Make 8, Week 6
The goal of this jig is to level edge grain surfaces for cutting boards. Running edge grain through a planer is tempting, but not recommended. I’m not going to risk my new planer, so I’m trying this setup. The idea here is to use a router with a large straight bit to chew through the surface of the wood. To get a level surface, you run the router over the workpiece in a parallel plane.
So, I built a simple sliding platform with a center slot that rides along two rails. I used 3/4 particle board for the bottom and 2x4s for the rails. I ran the 2×4 through the jointer to get them level. In theory, the jointed rails and flat particle board should be parallel to the work surface that’s supporting the workpiece.
I glued two sides on top of the jig on the long edge using more particle board. This keeps the router on the jig. I also glued two guides to the bottom of the jig to keep it on the rails. Here I used scrap plywood that I already had cut into strips. At first, I didn’t have these guides, but the vibration of the router makes the jig move laterally and slip off the rails. For the slot, I measured the diameter of my router bit and cut out a slot in the surface of the jig. To cut, I just drilled some holes and used a jigsaw. It’s nothing fancy or pretty. The critical parts of this jig are the flatness of the bottom and the rails.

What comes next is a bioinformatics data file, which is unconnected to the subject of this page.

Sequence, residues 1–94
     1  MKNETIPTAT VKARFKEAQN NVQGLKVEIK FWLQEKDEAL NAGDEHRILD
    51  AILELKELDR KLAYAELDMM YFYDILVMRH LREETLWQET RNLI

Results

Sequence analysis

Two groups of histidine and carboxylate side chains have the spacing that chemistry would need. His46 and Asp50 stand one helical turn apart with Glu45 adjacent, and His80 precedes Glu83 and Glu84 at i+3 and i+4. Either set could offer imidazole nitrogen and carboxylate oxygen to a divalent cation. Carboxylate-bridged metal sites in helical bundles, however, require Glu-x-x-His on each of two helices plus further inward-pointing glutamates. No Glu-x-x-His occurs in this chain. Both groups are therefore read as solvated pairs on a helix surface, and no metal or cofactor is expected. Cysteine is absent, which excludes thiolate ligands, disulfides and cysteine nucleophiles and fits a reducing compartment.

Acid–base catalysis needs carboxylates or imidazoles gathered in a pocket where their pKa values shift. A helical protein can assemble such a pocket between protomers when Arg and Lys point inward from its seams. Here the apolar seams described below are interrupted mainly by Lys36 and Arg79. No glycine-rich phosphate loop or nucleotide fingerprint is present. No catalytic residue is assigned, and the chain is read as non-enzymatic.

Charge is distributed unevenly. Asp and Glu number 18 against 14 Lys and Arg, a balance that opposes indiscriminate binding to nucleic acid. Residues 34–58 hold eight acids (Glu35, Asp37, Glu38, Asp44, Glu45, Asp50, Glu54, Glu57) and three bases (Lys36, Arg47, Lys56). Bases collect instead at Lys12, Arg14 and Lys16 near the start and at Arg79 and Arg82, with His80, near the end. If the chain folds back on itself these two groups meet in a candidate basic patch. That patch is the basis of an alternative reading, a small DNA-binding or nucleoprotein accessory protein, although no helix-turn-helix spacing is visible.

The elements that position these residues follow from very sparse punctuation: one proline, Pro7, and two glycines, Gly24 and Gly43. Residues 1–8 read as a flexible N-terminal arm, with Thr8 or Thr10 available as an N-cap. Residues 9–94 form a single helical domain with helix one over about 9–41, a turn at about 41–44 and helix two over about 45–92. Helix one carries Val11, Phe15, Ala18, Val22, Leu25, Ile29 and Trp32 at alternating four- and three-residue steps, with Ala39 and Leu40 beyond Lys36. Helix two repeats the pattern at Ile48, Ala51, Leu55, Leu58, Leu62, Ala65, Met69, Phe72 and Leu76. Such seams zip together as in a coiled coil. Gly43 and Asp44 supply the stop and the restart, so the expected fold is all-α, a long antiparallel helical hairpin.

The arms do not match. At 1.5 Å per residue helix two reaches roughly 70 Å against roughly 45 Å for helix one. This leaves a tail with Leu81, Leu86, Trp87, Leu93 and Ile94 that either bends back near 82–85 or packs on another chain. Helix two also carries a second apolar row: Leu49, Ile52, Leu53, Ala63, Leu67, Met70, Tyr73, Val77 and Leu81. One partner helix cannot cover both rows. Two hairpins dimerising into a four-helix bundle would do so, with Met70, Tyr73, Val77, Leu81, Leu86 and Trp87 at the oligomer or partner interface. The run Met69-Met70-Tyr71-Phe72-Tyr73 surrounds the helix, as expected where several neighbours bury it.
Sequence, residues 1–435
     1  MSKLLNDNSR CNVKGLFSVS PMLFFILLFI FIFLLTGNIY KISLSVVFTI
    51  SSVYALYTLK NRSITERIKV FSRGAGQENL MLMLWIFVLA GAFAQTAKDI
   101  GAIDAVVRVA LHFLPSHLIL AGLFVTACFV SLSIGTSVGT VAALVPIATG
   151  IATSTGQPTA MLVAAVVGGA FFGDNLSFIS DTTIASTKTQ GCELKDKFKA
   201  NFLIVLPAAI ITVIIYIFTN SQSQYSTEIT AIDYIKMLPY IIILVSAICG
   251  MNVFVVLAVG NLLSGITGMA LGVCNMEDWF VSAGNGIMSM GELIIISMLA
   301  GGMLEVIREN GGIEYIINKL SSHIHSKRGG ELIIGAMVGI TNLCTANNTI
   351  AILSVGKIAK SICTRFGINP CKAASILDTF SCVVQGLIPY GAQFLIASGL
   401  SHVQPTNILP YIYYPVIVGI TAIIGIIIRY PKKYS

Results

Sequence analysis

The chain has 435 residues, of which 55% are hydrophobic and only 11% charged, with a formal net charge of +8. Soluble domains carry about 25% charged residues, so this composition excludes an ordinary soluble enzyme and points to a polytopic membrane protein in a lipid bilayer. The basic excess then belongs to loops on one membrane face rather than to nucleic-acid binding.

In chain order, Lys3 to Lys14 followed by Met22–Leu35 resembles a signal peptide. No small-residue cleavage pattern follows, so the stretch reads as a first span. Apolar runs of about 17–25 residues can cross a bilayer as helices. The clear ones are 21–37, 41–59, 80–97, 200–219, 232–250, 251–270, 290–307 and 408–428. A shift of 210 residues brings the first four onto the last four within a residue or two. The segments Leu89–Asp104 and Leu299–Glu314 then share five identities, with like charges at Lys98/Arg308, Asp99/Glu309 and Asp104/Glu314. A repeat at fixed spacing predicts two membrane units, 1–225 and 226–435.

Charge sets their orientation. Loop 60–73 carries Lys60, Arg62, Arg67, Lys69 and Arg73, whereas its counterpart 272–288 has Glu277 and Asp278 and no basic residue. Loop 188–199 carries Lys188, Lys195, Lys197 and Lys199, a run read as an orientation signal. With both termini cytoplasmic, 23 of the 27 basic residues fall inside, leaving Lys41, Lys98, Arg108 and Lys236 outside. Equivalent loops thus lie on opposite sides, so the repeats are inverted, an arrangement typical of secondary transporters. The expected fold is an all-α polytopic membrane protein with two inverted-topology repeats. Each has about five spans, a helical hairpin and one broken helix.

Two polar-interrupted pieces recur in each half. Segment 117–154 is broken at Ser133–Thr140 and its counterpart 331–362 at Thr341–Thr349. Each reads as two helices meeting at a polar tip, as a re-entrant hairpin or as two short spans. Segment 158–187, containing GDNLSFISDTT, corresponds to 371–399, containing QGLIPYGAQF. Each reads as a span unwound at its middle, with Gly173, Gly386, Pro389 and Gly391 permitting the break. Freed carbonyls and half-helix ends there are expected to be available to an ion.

To set up the jig, I placed two scrap pieces of wood between the cutting board and rails. Then I clamped it all together to make it stable. For height, I slide the jig on either the long or short side of the glide boards and adjusted the router bit depth as needed. The jig and rails are not attached so that it can handle a variety of sizes. I just need to have a couple pieces of scrap wood to fit between the rails and workpiece. Also, note the burn marks from my table saw. I recently picked up a new saw blade and it’s an amazing difference on hardwood.
In my first attempt, it did the job, but I ended up taking off a lot of material. And it made quite a mess. Next time, I’ll fine tune the technique and setup to get a lighter pass. There was also some machine marks, which isn’t a big deal since it needs to be sanded, but this can probably be improved.
You can make this jig as wide as needed. This one is about two feet, I think. You just want to make it wide enough to accommodate the workpiece and a little buffer so not to run into your rails. (I thought about clamping stops for the router, but I kept it simple and was just mindful of my progress.)
BONUS: My bench jointer can face joint up to 6-inch boards and my planer can thickness plane up to 12-inches, so I’m thinking this jig could be useful if I need to mill larger boards for thickness or straightness.